C: Real friends this time. Seriously. Because of the day that I met Marlon. I never met him in my life. Before we even get out of court the first day, he was trying to find ways and means that my children could survive. He is like, I worked out for you to get something from someone. It was money, but no one had thought of that. I mean, before I left the court, he was on it. Like he never met me, or anything like that. Like, no one knew me, I never met any of these people in my life, but they were actually there for me more than people I have known all my life, so it was like, what love can really do. I have said this before at College Initiative graduation: although I felt like I lost my husband and he wasn’t there, I gained so much love, and family, and people I will carry for the rest of my life. This is something I will never, ever forget.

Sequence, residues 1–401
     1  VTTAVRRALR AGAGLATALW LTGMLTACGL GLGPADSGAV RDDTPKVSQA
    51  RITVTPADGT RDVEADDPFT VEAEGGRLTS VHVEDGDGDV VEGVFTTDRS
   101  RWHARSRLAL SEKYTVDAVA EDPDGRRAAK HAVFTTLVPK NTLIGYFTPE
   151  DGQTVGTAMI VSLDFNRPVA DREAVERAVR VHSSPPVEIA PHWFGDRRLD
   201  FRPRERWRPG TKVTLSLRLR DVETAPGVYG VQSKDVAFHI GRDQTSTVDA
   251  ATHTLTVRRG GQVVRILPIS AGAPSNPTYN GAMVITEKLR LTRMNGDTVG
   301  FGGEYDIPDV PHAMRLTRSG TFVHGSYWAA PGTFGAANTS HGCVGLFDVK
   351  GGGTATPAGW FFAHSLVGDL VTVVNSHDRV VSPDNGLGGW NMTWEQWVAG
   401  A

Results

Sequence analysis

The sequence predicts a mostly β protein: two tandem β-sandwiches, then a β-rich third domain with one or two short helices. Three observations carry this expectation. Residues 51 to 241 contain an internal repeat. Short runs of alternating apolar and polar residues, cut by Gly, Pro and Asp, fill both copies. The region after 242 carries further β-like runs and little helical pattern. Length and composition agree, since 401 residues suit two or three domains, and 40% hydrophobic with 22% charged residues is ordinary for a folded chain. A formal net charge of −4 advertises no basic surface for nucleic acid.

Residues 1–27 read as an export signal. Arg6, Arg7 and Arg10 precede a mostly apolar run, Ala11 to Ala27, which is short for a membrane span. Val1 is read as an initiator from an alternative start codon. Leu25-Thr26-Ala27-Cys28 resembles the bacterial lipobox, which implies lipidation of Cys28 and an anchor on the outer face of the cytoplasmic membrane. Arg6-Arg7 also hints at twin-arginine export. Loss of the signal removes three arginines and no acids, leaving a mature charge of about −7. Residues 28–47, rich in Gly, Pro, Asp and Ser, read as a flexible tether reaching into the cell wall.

MYou have dealt with the criminal justice system. You have dealt with the child welfare system. You have dealt with the immigration system and none of that was able to sort of topple you and I think that is tremendous. That is bedrock.

K: These are all things we think of…how much I really love Chamika. How she tolerates me through all my shortcomings and through my flaws, but to have opportunities like this to articulate yourself where your partner can hear that and to be appreciative of that and to understand that “you mean a lot to me”.

C: And I think we are going to love each other a lot more after this.

 

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Dedicating to Xiomana.